This is a typical journal describing the Yosemite section of the JMT from Tuolumne Medows southeast to Yosemite Village in Yosemite Valley. It took the guy and his seven friends 5 days and 4 nights to cover the 32.5 miles. The reason he started at Tuolumne and not at the Village is because he prefers descent to ascent. The Tuolumne embakation required only a total of 5,000 feet of ascent afterwhich he enjoyed 9,000 ft. of descent at the end of his hike. Makes sense to me. In this diary he provides hotlinks to each day of his journal. This is what it looks like at the 9,300 ft. summit of Sunrise Peak before the final descent into Yosemite Valley on this portion of the JMT. These diaries are invaluable to hikers unfamiliar to the territory. And Check this out

HERE’S some National Park info on this portion of the JMT. You need a permit. The money helps maintain and protect this pristine trail in the most populated state in the nation.

The complete 120 mile John Muir Trail Elevation Profile is HERE. You can highlight the section that traverses the Yosemite National Park. This will give you an excellent idea of the amazing views you will have along the Trail—and the difficulty you might have getting to them. But you don’t see stuff like that from the ground floor of a high valley.

OTHER Yosemite Trails:
Comparative elevation profiles of the short, day hikes that start from Yosemite Village.

The short, less challenging Valley Loop

The entrance to the JMT from the Village at the southwest end of the parking lot leading to Happy Isles across the footbridge and on to the very short loops to Vernal and Nevada Falls. Remember: the easier, shorter and closer to the Village the hike, the more crowded the trail may be.

“Half Dome”: is undeniably beautiful and majestic and the hike, although challenging, is understandably crowded, especially at the top where many people lose their resolve and things can get backed up. The Half Dome Hike from the Village to the top of Half Dome is probably the most popular hike in Yosemite due to it’s proximity to the the Village, it’s short distance (approx. 15 mile round trip) and the views it promises at 8,000 feet while gazing 4,000 feet into the valley below. It really dose feel like you’re on top of the world. It’s no walk in the park, though, and even getting down can be traumatic for some people. It requires an ascent of nearly 5,000 feet, the last 400 ft. ascent is almost straight up. But if all you have is a day, then this is probably the unforgettable hike for you.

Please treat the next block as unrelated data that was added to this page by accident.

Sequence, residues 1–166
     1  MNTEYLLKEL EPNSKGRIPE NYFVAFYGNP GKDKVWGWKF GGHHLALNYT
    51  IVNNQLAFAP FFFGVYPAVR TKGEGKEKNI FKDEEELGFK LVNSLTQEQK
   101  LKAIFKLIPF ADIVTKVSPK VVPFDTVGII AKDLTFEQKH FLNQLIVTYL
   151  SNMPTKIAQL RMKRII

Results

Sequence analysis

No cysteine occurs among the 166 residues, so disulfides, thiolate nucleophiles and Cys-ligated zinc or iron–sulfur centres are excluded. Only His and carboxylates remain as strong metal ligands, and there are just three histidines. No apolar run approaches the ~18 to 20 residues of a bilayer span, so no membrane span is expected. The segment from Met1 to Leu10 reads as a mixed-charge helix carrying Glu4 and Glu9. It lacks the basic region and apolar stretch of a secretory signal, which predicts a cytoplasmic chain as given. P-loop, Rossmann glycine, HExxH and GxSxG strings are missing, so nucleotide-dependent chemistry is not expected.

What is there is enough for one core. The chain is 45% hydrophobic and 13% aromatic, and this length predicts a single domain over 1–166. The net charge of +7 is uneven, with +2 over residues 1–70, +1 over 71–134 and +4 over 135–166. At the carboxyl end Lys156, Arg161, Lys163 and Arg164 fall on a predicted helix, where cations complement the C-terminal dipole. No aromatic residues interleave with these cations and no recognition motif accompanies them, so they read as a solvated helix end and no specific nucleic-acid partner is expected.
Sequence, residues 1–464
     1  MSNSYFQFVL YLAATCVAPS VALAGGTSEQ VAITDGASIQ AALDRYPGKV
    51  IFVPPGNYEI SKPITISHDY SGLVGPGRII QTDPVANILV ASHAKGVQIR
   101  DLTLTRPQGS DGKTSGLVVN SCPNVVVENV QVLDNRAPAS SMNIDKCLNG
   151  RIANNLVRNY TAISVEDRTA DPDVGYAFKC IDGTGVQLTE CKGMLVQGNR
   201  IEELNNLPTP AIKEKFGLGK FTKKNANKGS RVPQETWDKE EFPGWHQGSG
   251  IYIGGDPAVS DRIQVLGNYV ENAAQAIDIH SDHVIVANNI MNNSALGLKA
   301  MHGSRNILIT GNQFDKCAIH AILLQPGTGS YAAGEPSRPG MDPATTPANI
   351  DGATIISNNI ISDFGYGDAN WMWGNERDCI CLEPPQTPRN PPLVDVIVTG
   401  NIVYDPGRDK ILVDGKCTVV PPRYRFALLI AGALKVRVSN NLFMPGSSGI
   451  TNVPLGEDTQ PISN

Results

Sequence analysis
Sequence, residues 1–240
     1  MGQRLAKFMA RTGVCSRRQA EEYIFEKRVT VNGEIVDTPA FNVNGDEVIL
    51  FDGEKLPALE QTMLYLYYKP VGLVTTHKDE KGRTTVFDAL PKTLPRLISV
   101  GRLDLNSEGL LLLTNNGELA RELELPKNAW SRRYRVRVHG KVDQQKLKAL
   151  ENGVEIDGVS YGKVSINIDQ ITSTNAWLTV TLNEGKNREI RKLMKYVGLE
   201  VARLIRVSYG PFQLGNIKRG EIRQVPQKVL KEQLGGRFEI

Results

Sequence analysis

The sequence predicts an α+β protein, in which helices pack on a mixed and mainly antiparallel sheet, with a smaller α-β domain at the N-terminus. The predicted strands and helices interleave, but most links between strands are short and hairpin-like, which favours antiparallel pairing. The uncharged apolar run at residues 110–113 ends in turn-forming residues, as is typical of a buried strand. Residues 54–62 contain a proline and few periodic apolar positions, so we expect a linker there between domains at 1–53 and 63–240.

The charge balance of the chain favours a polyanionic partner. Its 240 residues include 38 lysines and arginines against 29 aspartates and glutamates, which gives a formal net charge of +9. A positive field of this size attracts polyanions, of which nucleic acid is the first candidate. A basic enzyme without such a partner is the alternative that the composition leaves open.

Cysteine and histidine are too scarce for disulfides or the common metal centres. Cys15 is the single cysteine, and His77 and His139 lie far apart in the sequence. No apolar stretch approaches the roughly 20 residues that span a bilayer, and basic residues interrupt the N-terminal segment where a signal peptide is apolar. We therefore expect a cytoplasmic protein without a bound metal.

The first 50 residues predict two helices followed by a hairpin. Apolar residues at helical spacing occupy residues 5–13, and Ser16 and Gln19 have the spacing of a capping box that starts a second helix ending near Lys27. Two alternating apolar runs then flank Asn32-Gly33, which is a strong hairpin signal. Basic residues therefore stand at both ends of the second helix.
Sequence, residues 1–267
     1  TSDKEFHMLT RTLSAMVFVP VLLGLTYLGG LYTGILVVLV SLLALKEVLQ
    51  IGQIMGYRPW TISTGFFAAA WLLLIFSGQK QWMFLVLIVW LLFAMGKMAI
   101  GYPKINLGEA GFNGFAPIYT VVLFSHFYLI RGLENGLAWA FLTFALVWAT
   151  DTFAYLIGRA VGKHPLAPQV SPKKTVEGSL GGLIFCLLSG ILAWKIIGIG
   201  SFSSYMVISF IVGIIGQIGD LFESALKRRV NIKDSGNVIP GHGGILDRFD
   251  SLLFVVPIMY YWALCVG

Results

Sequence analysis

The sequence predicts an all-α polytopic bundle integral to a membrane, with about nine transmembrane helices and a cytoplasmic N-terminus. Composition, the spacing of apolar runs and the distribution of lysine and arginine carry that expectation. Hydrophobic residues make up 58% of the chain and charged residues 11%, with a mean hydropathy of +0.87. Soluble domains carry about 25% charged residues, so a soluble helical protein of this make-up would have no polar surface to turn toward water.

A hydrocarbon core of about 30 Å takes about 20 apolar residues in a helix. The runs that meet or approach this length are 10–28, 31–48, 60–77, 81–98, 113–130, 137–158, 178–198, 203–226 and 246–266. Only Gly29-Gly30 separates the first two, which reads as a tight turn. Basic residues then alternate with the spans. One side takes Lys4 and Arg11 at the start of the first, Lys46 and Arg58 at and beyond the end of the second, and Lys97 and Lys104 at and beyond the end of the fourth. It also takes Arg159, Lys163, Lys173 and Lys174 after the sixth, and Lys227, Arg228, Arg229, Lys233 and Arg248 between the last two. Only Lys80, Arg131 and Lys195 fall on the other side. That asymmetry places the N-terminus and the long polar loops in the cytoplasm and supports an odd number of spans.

The Half Dome Hike is aprox. 15 miles, 7–12 hours, depending on your physical condition. Permits are issued via lottery, so apply in good time before your arrival.
Half Dome the easy way
The Half-Dome Hike in 3D. Follow the yellow line.
Another map of the Half-Dome Hike map. The Village parking lots and hotels are in the upper left.
A very good Half Dome Hike Map. Click to enlarge for detail.
Half Dome Elevation Profile
Photo essay on the Half Dome Hike complete with amateur photos. Check out the weight the lady in the last few photos was carrying with her. Amazing. She made it. That must have been one helluva hike for her.

The Cathedral Lakes trail to Tuolumne Meadows
“Cathedral Lakes to Tuolumne Meadows Elevation Profile”:
A description of the 33 mile Ansel Adams Wilderness Backpacking Loop

Christ, this has become so long that it will take you between now and your trip to read the damn thing. Sorry. There is so much info here that you don’t even have to go now. I’ll send you my bill.

Good luck and happy trails. I am positive that no matter which trail you choose, you will come out the other end quite satisfied and with a very interesting story to tell. I wish I could join you. I love this part of California. Nothing makes me more homesick for my country, an almost impossible feat. Please be sure to tells us all about your hike when it’s over, will you?

LostInParadise's avatar

@Espiritus_Corvus , Thanks so much for the information and pictures. I can’t imagine doing nearly vertical hiking. I would be willing to do some of the more difficult trails if I could take frequent breaks without blocking the trail.

One thing that I learned from when I visited the Grand Canyon is to approach any view slowly and just concentrate on taking it in. You only get one shot at a first impression, so make the most of it. Actually, the Grand Canyon view was too much for a first impression. Because the section adjoining the canyon is so flat, as you get to within a few hundred feet from the rim, the earth suddenly seems to split. I had to back up and take it in again.